GAINESVILLE, Fla. — Facial recognition software is no longer a thing of the future. But what if similar technologies could one day help farmers identify pests in the field?
Steve Futch, multi-county citrus agent with the University of Florida Institute of Food and Agricultural Sciences Extension, thinks it’s possible. And thanks to the new UF/IFAS Extension Entrepreneurship Program, he and other UF/IFAS Extension faculty now have more of the tools they need to make their ideas a reality.
“One of the missions of UF/IFAS Extension is to connect Floridians with science-based information that will improve their quality of life. Our relationships with our clientele are always evolving, so we are always reassessing and rethinking how we can better serve our audience,” said Nick Place, dean for UF/IFAS Extension. “Entrepreneurial thinking can help us get out of our comfort zone and approach problems in new and creative ways.”
Jan. 17 to 19, UF/IFAS Extension faculty members from around the state heard presentations from several UF entrepreneurship experts, including Elio Chiarelli, entrepreneurship specialist with the UF/IFAS Center for Leadership. As a doctoral student in the UF department of agricultural education and communication, Chiarelli’s research focused on successful entrepreneurship within agriculture and natural resources.
GAINESVILLE, Fla. — Nearly a century ago, a group of Polk County citrus growers raised about $14,000 to buy land for a research station. Now, the University of Florida Institute of Food and Agricultural Sciences will celebrate the 100th anniversary of the UF/IFAS Citrus Research and Education Center.
In 1917, UF/IFAS established the Citrus REC. Originally, only a few UF/IFAS scientists worked at the Lake Alfred site, then called the Citrus Experiment Station.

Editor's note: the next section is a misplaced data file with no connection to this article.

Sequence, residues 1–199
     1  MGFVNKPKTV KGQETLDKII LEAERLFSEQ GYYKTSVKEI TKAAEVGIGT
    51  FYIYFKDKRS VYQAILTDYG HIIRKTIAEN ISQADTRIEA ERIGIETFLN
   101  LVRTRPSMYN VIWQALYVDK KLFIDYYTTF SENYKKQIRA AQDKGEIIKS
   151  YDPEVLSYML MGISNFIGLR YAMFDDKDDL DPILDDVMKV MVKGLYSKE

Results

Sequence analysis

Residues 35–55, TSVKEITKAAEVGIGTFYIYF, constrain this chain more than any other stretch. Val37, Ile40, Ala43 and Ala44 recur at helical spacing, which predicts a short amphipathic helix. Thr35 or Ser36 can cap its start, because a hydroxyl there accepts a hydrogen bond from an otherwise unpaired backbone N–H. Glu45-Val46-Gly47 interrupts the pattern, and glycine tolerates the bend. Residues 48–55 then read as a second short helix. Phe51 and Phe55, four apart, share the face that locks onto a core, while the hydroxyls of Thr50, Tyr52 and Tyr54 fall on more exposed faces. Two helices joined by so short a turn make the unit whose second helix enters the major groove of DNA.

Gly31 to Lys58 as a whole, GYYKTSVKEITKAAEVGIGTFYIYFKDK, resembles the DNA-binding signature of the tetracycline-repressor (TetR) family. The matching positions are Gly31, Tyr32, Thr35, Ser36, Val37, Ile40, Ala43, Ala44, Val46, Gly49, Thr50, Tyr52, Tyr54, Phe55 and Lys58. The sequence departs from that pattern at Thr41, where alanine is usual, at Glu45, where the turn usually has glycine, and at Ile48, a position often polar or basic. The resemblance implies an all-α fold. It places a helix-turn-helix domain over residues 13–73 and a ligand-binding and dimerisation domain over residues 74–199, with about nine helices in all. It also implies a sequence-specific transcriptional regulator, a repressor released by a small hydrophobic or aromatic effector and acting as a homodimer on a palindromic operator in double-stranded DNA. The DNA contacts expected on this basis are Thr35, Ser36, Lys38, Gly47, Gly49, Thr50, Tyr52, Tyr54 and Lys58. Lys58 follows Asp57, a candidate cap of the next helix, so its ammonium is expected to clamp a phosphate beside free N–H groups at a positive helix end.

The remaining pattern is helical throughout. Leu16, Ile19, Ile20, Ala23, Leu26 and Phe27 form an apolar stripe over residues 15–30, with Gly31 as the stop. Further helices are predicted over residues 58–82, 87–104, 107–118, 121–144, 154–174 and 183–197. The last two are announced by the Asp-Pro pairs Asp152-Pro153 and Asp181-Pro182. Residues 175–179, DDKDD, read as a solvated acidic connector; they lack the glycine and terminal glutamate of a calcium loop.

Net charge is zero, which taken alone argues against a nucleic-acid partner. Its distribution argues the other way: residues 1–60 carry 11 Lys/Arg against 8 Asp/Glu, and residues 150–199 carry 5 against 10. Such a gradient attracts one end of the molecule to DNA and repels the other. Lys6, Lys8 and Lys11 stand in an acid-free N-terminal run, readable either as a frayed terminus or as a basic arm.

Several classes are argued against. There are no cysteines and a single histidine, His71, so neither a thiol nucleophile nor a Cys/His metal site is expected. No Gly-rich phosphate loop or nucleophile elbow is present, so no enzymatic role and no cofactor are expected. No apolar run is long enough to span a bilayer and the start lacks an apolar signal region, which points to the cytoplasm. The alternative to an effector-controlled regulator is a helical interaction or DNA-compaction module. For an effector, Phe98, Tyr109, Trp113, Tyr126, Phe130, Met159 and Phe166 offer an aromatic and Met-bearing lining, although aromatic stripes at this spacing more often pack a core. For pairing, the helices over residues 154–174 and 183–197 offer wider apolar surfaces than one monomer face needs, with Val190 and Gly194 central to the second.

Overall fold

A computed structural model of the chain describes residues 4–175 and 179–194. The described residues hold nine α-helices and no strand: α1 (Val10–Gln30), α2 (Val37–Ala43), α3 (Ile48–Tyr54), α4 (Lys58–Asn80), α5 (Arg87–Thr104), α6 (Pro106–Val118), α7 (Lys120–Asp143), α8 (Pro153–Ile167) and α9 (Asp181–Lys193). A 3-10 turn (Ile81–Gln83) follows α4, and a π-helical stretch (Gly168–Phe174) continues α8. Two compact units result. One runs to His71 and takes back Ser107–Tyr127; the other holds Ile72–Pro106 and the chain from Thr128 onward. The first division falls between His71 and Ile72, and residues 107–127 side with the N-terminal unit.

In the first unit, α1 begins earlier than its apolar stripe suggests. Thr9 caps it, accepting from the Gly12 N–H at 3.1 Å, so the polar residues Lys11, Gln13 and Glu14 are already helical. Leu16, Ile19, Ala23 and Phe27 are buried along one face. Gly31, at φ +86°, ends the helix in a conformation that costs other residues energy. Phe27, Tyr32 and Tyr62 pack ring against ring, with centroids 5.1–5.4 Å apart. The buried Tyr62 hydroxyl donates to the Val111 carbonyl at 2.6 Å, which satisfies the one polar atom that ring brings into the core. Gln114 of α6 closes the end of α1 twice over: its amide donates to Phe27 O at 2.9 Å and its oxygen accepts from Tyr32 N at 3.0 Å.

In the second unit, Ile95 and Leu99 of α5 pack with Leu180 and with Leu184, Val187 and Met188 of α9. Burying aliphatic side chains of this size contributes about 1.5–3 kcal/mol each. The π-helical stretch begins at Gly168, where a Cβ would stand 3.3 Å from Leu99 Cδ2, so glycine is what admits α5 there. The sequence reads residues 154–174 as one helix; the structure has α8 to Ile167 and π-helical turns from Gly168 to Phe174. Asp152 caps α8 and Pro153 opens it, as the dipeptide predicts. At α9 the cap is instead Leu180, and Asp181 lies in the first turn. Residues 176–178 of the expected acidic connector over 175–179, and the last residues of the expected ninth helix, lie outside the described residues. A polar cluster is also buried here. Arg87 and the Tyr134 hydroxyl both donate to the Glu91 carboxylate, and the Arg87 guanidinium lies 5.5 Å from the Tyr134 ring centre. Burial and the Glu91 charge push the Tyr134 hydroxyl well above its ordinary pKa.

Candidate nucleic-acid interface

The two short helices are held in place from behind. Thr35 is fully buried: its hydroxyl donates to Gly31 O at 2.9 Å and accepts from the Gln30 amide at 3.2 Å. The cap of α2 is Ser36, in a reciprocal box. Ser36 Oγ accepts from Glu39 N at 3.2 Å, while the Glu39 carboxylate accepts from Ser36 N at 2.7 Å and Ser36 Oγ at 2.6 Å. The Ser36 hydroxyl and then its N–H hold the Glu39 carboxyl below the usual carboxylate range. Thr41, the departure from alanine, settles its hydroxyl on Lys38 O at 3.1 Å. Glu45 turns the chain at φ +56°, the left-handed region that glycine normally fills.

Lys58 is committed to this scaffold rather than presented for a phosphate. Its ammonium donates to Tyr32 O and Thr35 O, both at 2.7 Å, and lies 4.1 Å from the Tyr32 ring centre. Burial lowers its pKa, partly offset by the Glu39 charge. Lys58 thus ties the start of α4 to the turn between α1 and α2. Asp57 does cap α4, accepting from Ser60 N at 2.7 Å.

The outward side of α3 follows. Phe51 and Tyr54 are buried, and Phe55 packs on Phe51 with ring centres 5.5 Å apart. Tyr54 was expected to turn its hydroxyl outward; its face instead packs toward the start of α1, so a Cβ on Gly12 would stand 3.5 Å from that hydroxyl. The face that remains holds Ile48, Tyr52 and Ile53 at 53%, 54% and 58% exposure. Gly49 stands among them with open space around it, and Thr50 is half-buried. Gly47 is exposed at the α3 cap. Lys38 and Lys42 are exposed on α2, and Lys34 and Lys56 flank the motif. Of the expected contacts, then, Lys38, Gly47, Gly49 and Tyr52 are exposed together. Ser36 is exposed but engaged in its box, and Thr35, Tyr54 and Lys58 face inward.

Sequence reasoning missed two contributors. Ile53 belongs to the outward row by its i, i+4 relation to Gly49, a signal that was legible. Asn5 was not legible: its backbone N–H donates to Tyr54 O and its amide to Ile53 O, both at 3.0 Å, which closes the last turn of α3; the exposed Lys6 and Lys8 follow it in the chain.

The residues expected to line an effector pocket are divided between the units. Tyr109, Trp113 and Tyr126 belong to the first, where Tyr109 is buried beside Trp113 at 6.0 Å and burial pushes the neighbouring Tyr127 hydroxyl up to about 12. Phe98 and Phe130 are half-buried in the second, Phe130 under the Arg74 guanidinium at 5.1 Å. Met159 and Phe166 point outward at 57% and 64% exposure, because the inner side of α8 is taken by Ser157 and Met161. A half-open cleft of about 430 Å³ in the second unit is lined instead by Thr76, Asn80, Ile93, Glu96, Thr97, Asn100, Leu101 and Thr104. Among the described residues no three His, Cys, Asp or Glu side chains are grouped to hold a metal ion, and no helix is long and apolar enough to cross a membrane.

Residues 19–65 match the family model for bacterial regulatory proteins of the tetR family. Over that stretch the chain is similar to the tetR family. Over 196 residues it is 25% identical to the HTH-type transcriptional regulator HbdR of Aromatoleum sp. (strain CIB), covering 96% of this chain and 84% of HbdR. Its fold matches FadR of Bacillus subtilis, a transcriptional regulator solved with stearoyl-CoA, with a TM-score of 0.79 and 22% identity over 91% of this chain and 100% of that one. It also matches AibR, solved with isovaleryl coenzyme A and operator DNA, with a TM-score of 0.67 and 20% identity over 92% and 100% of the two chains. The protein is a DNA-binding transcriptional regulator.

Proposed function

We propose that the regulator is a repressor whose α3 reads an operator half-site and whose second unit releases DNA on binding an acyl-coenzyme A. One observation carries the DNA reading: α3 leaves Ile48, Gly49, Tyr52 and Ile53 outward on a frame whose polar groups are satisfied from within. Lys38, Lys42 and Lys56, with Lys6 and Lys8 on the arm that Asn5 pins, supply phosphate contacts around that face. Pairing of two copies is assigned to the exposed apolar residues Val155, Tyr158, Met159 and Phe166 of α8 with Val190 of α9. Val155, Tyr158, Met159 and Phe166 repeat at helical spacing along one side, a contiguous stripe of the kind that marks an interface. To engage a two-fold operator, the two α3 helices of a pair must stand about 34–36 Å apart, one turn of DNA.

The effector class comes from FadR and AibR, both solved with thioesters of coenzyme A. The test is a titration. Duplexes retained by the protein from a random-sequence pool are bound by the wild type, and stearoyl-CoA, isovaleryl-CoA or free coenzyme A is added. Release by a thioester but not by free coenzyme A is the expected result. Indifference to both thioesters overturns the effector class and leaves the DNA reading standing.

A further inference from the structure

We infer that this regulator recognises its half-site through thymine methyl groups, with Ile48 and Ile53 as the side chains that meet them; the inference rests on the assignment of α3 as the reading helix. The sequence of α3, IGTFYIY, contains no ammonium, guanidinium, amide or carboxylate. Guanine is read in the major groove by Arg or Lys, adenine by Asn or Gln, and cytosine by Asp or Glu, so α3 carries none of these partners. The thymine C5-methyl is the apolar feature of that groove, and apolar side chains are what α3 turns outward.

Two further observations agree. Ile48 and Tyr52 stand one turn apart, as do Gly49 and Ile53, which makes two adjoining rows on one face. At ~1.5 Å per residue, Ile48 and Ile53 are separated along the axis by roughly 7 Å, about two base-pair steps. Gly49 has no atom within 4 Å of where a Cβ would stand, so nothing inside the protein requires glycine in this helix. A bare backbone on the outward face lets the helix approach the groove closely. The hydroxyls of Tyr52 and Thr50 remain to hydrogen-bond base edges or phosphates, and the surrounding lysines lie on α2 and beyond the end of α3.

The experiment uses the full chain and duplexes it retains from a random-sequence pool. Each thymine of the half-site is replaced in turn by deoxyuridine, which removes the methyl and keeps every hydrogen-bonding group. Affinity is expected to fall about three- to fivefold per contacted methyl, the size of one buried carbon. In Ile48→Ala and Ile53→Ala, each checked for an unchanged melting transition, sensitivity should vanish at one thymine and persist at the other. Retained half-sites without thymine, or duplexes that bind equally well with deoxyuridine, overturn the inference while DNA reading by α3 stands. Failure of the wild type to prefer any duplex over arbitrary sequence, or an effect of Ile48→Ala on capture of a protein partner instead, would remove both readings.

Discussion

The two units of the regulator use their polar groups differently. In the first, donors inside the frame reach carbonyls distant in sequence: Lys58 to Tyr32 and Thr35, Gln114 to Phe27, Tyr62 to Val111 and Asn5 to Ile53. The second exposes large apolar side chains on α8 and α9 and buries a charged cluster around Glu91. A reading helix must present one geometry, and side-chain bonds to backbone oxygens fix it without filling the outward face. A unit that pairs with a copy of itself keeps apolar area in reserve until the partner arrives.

Today, the research center employs 250 people and is also home to the scientific research staff of the Florida Department of Citrus. It is the largest facility in the world devoted to a single commodity, citrus.
“The UF/IFAS Citrus REC has a long, proud tradition of outstanding science and outreach, and the faculty there show every day why the quality of work performed for the next 100 years will be as good or better than the first century at the facility,” said Jack Payne, senior vice president for agriculture and natural resources.
FORT PIERCE, Fla. – Rhuanito “Johnny” Soranz Ferrarezi has joined the University of Florida Institute of Food and Agricultural Sciences to lead citrus horticulture research in the world’s premier grapefruit production region.
Ferrarezi brings more than 10 years of experience to his new position as assistant professor of citrus horticulture to the UF/IFAS Indian River Research and Education Center in Fort Pierce. He joins two additional new hires at UF/IFAS IRREC who will work as a team to assist growers as they manage citrus greening, or Huanglongbing (HLB), the industry’s most formidable pathogen.
“Dr. Ferrarezi is capable and exuberant about his work to manage crop production,” said Ronald Cave, UF/IFAS IRREC director. “He has demonstrated a fervent commitment to agriculture in his native Brazil, which is also one of the world’s most productive citrus regions, and we are confident his work in Florida will be significant.”
FORT LAUDERDALE, Fla. — The University of Florida’s Institute of Food and Agricultural Sciences (UF/IFAS) and the Florida Fish and Wildlife Conservation Commission (FWC) are working together on unique projects to target Burmese pythons in Florida. Two projects include using detection dogs and Irula tribesmen to help remove pythons from environmentally sensitive areas.
In their first eight days on the job, the Irula tribesmen — world-renowned snake catchers from India — removed 13 pythons, including four on their first visit to Crocodile Lake National Wildlife Refuge on North Key Largo in partnership with the U.S. Fish and Wildlife Service. Traditionally, the main occupation of the Irula tribe has been catching snakes. They have successfully hunted and captured Indian pythons in their home province of Tamil Nadu.
“Since the Irula have been so successful in their homeland at removing pythons, we are hoping they can teach people in Florida some of these skills,” said Kristen Sommers, section leader of the FWC’s Wildlife Impact Management Section. “We are working with our partners to improve our ability to find and capture pythons in the wild. These projects are two of several new efforts focused on the removal of these snakes.”
GAINESVILLE, Fla. — A trio of projects aimed at helping Florida producers cope with the bacterial disease known as citrus greening topped the list of stories shared by the University of Florida Institute of Food and Agricultural Sciences in 2016.
This year marked the beginning of the state’s second decade battling greening disease, which is also known as Huanglongbing or HLB. Other top stories for the year involved invasive organisms causing negative impacts to Florida’s economy and environment, and even the health of its residents.
Here are the top 10 UF/IFAS 2016 stories: